The development of the field of bibliometric and scientometric research is analysed by quantitative methods to answer the following questions: (1) Is bibliometrics evolving from a soft science field towards rather hard (social) sciences (Schubert-Maczelka hypothesis)? (2) Can bibliometrics be characterised as a social science field with stable characteristics (Wouters-Leydesdorff hypothesis)? (3) Is bibliometrics a heterogeneous field, the sub-disciplines of which have their own characteristics? Are these sub-disciplines more and more consolidating, and are predominant sub-disciplines impressing their own characteristics upon the whole field (Glänzel-Schoepflin hypothesis)? The Price Index per paper, the percentage of references to serials, the mean references age, and the mean reference rate are calculated based on all articles and their respective references in Scientometrics in 1980, 1989, and 1997. The articles are classified in six categories. The findings suggest, that the field is in fact heterogeneous, and each sub-discipline has its own characteristics. While the contribution of these sub-disciplines in Scientometrics was still well-balanced in 1980, papers dealing with case studies and methodology became dominant by 1997.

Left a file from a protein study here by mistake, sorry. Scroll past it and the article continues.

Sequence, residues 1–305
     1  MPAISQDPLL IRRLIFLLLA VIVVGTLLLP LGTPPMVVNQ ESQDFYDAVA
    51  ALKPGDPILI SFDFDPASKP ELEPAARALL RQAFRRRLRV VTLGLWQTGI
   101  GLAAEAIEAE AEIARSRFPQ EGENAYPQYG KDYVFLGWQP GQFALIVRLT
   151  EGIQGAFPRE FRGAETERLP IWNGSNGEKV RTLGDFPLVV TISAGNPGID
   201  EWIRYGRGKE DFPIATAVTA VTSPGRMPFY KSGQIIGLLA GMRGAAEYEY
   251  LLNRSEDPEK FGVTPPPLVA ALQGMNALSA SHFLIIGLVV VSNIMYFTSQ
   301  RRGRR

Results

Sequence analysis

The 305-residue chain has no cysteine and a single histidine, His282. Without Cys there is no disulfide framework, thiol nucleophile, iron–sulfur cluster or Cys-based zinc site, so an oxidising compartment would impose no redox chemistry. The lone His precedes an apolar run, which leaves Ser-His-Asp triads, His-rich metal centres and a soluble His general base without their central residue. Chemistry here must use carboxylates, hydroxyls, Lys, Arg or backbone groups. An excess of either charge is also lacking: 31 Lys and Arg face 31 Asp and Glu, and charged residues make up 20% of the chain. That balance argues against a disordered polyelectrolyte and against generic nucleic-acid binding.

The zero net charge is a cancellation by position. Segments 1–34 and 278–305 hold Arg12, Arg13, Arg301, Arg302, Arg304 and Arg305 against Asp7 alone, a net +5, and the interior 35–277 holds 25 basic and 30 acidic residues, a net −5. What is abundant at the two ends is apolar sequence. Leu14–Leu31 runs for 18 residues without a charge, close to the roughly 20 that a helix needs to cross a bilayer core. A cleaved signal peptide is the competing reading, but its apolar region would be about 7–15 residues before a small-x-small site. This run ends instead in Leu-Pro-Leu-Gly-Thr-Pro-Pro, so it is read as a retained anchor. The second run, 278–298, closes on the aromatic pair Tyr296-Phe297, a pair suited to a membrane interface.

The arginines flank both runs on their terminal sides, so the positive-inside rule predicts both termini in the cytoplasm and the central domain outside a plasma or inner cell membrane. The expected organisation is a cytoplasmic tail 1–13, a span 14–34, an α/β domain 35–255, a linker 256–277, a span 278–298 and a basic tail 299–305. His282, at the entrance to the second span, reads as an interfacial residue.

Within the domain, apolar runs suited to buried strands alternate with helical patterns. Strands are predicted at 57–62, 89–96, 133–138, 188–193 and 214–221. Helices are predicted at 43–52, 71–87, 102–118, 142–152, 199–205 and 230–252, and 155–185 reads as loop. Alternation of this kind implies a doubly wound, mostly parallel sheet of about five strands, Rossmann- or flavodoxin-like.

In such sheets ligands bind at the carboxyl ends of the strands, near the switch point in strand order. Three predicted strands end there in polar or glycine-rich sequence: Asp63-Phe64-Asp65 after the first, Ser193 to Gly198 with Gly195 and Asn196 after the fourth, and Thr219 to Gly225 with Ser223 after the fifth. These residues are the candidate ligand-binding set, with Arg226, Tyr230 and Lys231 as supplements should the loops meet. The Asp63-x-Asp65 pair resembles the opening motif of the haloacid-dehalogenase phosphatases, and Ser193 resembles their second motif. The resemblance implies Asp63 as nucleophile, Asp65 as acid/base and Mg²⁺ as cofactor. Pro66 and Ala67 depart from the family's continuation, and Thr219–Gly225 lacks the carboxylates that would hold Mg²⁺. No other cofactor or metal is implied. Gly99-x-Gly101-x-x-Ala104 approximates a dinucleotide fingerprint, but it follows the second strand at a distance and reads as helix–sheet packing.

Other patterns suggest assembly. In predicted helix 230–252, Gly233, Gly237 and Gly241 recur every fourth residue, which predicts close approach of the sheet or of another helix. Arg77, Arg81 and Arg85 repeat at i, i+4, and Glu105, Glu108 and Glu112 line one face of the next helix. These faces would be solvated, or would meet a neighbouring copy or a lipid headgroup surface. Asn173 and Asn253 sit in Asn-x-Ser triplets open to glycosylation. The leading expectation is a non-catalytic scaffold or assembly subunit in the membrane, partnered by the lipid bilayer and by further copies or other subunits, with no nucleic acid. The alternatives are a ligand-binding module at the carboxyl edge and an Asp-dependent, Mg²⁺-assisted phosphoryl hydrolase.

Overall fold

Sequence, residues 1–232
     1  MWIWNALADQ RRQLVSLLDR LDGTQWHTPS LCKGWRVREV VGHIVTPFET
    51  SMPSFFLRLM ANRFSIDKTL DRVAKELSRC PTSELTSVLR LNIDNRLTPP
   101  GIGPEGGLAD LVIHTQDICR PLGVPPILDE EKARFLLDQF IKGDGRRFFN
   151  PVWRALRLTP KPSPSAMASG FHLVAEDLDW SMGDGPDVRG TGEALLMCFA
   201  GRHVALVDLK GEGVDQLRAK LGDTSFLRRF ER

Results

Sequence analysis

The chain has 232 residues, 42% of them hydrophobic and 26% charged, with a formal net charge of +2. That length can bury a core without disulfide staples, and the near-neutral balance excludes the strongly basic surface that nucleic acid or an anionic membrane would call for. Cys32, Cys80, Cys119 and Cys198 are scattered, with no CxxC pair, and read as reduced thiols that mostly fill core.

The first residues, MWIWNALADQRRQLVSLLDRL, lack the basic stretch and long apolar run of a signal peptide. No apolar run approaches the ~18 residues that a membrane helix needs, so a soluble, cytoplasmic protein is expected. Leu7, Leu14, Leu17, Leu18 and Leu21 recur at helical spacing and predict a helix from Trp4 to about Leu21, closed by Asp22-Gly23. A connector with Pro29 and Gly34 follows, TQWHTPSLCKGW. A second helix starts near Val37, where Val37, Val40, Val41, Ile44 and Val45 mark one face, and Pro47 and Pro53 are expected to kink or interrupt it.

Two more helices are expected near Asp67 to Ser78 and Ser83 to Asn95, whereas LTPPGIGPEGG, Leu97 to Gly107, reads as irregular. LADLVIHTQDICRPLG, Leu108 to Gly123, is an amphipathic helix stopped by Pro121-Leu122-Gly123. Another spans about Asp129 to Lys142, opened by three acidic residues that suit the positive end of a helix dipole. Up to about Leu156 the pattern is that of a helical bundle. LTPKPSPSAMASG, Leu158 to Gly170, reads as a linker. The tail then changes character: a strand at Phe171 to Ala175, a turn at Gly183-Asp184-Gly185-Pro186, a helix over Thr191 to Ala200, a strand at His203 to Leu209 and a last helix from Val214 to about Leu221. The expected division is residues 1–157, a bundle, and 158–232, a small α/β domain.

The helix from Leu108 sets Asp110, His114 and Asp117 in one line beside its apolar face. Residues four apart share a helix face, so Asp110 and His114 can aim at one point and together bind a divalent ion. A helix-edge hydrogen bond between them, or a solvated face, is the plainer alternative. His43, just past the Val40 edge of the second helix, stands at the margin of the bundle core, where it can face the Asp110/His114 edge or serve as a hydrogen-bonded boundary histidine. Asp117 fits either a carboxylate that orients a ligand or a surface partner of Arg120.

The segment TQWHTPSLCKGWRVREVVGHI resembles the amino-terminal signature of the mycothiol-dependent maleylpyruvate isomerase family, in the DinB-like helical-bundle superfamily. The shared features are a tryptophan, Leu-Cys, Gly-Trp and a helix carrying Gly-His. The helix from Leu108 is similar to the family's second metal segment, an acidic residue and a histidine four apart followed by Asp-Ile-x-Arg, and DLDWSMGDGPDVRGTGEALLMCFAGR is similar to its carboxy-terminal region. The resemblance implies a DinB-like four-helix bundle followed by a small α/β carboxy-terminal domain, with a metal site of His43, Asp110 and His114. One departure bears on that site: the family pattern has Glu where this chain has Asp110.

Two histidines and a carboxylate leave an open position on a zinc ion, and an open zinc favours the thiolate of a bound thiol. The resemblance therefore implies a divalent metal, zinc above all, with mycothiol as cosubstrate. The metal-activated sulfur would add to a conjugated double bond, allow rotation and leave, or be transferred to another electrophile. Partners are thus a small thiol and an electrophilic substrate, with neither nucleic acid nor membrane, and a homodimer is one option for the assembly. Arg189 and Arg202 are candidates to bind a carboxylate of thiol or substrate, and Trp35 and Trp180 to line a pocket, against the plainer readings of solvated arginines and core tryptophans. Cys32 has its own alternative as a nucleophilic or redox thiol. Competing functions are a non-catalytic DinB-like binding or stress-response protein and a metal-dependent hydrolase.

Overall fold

ASJC Scopus subject areas
- Social Sciences(all)
- Computer Science Applications
- Library and Information Sciences